Thanks for the info on Vilkul. The Kyiv Independent article, which this post used to link to, shows that he was pro-Russian in the period between 2014 and 2022, but the things he did after the 2022 invasion clearly show that he was not a traitor. This reinforces my view that while the 2022 invasion should be unanimously condemned, the verdict on of the events of 2014 is more complex. If a Ukrainian patriot like Vilkul cooperated with the Russians after 2014 and called the overthrow of Yanukovych "a coup", who am I to say that he wasn't right? I'm just a stupid foreigner, after all.

Some quotes:

"According to leaked audio published by the Censor.Net media outlet right after parliamentary elections, Vilkul allegedly had a celebratory phone call with Vladislav Surkov, then-deputy head of Vladimir Putin's administration in charge of Ukraine affairs.

In the recording, a person whose voice resembles that of Vilkul accepts congratulations on successful elections and agrees to come meet Surkov in Moscow to discuss future collaboration. By then, Crimea was already annexed, and Russia's war in the Donbas had been raging for six months."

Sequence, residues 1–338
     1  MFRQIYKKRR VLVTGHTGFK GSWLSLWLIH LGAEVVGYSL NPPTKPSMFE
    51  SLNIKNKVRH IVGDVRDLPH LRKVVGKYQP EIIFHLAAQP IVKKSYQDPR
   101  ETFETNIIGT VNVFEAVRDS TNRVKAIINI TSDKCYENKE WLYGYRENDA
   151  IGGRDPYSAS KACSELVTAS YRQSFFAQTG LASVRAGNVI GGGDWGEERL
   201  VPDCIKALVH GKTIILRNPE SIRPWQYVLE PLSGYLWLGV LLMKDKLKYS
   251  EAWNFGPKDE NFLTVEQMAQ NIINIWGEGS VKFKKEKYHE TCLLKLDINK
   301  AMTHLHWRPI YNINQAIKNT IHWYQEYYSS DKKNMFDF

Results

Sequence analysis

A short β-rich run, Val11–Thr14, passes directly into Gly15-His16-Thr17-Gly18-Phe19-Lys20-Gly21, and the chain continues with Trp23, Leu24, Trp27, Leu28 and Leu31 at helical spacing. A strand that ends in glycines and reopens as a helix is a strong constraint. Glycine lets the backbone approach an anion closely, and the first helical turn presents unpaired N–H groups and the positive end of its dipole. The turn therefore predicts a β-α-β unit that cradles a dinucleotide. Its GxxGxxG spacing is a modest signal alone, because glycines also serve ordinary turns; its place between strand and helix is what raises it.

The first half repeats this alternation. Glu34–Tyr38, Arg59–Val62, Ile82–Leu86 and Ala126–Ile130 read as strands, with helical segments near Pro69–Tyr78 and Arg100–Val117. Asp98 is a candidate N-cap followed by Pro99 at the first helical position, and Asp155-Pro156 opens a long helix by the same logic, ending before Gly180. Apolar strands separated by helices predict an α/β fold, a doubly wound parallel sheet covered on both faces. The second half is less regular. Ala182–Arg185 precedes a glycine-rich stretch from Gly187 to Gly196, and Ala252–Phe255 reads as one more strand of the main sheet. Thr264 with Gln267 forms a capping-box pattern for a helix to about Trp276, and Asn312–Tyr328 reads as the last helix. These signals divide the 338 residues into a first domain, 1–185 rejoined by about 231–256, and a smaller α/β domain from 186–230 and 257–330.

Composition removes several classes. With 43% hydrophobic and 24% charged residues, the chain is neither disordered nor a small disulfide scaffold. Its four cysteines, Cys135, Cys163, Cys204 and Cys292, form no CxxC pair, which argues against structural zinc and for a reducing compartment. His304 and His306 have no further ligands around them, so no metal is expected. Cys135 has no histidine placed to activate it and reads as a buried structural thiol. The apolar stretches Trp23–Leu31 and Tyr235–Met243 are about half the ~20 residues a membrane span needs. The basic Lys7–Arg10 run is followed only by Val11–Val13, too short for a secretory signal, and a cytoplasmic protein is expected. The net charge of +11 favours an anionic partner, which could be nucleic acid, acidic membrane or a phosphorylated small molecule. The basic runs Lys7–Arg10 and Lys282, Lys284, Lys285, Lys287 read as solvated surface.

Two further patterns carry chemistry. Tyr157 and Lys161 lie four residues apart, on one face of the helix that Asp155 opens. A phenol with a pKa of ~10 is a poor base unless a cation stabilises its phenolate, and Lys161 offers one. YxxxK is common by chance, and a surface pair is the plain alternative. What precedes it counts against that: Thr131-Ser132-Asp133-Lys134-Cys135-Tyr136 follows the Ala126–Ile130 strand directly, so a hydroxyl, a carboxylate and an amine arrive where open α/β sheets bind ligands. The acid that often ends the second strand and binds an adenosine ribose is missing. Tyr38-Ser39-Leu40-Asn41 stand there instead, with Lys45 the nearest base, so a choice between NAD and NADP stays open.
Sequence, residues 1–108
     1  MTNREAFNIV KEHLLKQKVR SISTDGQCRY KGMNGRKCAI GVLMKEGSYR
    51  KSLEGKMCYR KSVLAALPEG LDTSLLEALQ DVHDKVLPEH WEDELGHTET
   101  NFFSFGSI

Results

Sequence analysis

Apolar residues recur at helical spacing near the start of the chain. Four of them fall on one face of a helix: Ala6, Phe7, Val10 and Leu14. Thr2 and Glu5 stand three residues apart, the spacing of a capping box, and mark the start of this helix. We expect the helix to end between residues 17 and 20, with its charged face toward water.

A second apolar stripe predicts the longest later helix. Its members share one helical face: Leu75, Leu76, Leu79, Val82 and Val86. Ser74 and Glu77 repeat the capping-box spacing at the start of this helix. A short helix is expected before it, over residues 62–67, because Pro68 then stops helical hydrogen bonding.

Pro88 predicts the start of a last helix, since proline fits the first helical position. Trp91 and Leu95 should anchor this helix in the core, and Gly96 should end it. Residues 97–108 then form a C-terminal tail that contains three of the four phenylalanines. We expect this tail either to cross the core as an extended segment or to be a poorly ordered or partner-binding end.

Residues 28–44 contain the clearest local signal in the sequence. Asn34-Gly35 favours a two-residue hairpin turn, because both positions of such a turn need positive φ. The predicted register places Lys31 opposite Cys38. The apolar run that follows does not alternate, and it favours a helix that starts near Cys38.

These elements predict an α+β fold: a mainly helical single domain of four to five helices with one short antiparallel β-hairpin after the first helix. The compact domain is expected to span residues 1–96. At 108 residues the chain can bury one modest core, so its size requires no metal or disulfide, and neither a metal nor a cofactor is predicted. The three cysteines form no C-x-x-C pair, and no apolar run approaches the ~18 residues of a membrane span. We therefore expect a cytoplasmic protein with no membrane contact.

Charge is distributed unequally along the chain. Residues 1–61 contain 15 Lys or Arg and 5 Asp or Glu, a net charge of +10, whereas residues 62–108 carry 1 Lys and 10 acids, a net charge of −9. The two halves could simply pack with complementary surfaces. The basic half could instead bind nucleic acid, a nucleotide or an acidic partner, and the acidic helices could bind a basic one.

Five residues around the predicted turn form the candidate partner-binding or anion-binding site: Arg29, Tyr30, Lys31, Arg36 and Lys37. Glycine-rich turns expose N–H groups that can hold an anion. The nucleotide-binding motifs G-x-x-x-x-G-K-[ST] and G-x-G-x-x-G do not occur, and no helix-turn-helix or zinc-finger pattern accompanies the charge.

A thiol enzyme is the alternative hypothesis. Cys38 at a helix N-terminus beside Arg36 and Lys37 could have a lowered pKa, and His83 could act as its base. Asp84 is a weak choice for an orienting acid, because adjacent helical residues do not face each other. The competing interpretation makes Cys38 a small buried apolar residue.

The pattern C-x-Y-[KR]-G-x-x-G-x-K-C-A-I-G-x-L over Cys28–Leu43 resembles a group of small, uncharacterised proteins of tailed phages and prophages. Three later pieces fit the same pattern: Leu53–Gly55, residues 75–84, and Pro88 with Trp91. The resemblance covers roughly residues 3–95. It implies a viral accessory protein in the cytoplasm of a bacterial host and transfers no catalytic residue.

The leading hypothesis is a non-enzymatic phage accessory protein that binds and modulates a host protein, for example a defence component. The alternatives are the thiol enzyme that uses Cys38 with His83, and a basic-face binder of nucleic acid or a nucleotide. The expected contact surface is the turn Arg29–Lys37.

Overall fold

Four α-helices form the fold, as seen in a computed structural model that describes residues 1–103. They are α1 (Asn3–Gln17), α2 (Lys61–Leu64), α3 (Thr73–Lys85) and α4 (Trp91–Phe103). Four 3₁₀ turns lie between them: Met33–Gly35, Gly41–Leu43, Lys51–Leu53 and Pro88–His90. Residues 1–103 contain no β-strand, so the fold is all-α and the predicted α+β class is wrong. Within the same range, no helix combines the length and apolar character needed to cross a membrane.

"In December 2016, speaking at a talk show on the Inter TV channel, Vilkul called the EuroMaidan revolution that ousted Yanukovych “a coup,” following the narrative pushed by the Kremlin and pro-Kremlin politicians in Ukraine."

"When asked why he didn’t act as patriotically as now back in 2014, when Russia annexed Crimea and invaded Donbas for the first time, he said that it only “seemed” that he was being unpatriotic."

"He denied ever being “pro-Russian,” saying that his past political stances were dictated by what he thought was best for the country at the time."

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Feb 16, 2023·edited Feb 16, 2023Author